In this the month in which the world celebrated International Women’s Day, the South China Morning Post, the city’s leading English-language publication, has struck a blow for the women of Hong Kong by deleting and subsequently apologising for an extraordinarily sexist article written by regular columnist Mike Rowse.
Of course, the SCMP should never have uploaded the piece to its online platform last Thursday in the first place, but at least give credit to editor-in-chief Tammy Tam for pulling the plug and issuing an expeditious, damage-control mea culpa that stated, in part:
“. . . we will not be a platform that perpetuates the objectification of women, nor the demeaning of any group in society. In this case, our online posting of the column ‘How Hong Kong women manage to dress so well in cold climes’ represented a serious lapse in judgement.”
Correct—as any semi-enlightened, 21st-century SCMP sub-editor should have seen well before an avalanche of outrage and complaint forced Tam to get involved. The headline itself signals trouble ahead, and Rowse, a former civil servant who is now a private consultant and adjunct professor at the Chinese University of Hong Kong, certainly did not disappoint.
The article begins with a titillating disclaimer: “WARNING: Readers of a nervous disposition, or who have supped too long at the well of political correctness, should turn away NOW.”
So, of course, many of us kept on reading, our eyes widening in disbelief as the author, clearly suffering under the delusion that he is poised on the rhetorical knife’s edge of wit and humour, proceeds to offer a condescending mix of sexist observations and counsel to Hong Kong women on how to and not to dress when temperatures drop. And then comes the transcendently creepy segment in which Rowse casts a lascivious street-side glance in the direction of those women willing to take his cold-weather fashion advice by donning “boots and a traditional dress with a smart coat on top” to his specifications:
“The boots [should finish] a couple of inches below the knee, the coat two inches or so above, and inside a dress or skirt not quite as long. So with every confident stride forward that they took, there would be just a glimpse of thigh, nothing immodest you understand, but enough to light a spark in an old man’s eye.”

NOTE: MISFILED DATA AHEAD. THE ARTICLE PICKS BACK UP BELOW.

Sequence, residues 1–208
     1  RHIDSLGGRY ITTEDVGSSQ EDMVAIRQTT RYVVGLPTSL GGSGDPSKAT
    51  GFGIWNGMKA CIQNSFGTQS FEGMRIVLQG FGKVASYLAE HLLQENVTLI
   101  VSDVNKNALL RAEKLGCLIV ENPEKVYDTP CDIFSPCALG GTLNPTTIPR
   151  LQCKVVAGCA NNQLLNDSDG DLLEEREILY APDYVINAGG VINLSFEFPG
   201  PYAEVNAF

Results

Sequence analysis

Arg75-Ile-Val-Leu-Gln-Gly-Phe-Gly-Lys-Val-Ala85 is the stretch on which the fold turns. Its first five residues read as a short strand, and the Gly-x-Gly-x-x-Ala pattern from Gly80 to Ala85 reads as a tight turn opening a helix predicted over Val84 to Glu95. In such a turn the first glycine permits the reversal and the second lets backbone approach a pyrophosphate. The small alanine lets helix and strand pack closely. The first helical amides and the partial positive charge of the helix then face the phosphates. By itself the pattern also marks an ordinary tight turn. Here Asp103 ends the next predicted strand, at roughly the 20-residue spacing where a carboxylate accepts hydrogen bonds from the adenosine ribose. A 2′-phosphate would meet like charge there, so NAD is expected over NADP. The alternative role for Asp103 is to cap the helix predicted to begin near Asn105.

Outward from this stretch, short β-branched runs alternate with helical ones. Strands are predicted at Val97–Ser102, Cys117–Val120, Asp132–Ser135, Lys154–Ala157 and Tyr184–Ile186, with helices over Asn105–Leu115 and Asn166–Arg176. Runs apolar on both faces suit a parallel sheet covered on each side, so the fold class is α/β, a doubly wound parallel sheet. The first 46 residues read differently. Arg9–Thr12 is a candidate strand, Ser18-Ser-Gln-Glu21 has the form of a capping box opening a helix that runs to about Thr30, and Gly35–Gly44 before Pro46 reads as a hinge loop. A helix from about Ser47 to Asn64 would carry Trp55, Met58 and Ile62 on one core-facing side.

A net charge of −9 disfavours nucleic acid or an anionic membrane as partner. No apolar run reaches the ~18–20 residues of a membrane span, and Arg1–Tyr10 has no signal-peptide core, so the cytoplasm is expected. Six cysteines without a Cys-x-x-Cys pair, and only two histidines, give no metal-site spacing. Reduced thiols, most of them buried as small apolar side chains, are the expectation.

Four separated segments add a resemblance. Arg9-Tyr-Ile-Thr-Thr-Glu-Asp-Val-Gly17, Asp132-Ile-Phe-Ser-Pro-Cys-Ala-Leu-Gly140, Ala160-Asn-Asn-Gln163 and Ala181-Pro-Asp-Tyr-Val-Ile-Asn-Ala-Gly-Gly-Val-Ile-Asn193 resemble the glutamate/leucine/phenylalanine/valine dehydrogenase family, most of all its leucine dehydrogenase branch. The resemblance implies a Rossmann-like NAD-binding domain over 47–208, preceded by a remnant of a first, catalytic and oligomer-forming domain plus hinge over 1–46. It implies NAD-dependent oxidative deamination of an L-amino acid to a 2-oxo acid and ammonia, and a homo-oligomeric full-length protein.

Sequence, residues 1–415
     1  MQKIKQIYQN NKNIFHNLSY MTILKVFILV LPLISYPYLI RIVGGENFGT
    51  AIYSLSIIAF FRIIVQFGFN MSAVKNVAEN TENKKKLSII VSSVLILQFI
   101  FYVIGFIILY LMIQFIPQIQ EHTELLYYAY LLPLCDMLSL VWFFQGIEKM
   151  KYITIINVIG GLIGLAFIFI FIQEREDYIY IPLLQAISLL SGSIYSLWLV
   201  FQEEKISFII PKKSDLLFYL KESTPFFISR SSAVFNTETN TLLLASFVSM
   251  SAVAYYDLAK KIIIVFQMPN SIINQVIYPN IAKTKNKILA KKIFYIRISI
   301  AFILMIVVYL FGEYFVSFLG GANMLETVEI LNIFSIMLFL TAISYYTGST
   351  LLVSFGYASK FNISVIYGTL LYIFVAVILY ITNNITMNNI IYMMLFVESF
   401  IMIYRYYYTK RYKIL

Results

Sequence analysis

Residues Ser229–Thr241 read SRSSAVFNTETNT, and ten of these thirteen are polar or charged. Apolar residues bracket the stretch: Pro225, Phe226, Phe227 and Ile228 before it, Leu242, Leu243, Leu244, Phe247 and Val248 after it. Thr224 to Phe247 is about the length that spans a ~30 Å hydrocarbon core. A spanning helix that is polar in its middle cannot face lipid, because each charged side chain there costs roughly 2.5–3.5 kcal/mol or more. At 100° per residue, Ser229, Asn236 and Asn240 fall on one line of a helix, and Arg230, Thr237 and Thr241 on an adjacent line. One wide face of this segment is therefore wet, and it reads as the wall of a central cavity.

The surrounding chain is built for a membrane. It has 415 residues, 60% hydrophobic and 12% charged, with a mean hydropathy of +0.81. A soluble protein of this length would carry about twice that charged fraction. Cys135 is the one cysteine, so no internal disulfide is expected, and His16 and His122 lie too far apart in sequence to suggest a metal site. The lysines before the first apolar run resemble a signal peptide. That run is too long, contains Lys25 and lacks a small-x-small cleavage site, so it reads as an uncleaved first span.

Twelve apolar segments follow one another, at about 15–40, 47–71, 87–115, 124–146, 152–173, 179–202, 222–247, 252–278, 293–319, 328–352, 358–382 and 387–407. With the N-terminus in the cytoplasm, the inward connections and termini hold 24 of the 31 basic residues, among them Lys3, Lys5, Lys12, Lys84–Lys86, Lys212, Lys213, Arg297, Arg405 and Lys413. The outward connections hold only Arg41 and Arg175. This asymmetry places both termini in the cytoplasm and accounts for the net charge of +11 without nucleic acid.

Rowse may have started this column with the belief that he was writing an edgy challenge to the political correctness of our times, but by the time it was finished he had created nothing more than an old man’s demeaning fantasy for which he will be taking knocks for a long time to come.
Before we go apoplectic about the sexism of one ageing SCMP columnist, however, let’s take an honest look at the bigger picture for women in Hong Kong. In that broader context of sexism and discrimination, you will quickly forget about Rowse’s transgressions.
Studies by the Census and Statistics Department show that women in this city make far less money for the same work as their male counterparts and that the pay gap is widening, not shrinking, in recent years. Meanwhile, all across Hong Kong, glass ceilings keep all but a relative few women out of the top echelons of the city’s business and professional worlds.
Moreover, sexist stereotypes abound in popular culture—in, for example, the ubiquitous television adverts for wedding services that present bagging a rich husband as every woman’s ultimate dream, as well as those for products such as cosmetics that do much more to objectify women than any single Rowse column.
And let’s not forget Hong Kong politics, where women, especially women who have managed to succeed against all odds, are held to a different standard than men and routinely bashed with sexist rhetoric and actions. Recall, for example, the photo of localist lawmaker Yau Wai-ching that pro-Beijing protesters pasted on a sex doll late last year prior to her ousting from the Legislative Council.
Indeed, look at the race for Hong Kong’s next chief executive now playing out before us. While the candidacy of Carrie Lam Cheng Yuet-ngor is burdened by a number of factors—most prominently her loyalty to the current, deeply unpopular CE, Leung Chun-ying, and her favoured status with the heavy-handed powers that be in Beijing—there is also a definite sexist cast to the criticism against her. And the same can be said for the other female Chief Executive candidate, Regina Ip Lau Suk-yee, founder of the New People’s Party and a member of the Legislative Council, who dropped out of the contest after failing to muster the required 150 nominations from the Election Committee.
True, the two men standing for CE, John Tsang Chun-wah and Woo Kwok-hing, also face attacks from their opponents. Tsang, the clear favourite in most public opinion polls, is mocked for his resemblance to crisp mascot Mr Pringles and denounced by detractors as a former financial secretary who was incapable of forecasting an accurate budget during his nine years in office and now lacks Beijing’s trust. Woo, a retired judge, is dismissed for his lack of political experience; he too, analysts note, does not figure in the central government’s grand plan for Hong Kong.
But a unique vocabulary is reserved for Lam and Ip, especially in today’s increasingly vulgar and often anonymous cyber world. This writer, who has written critically of all four candidates, can offer disturbing personal testimony to that effect.
No one in response to any of my articles about Woo or Tsang has ever referred to either of them as a “cow,” a “bitch,” a “vagina,” a “cunt” or worse.
Mike Rowse is sexism lite. It can get a lot uglier out there.
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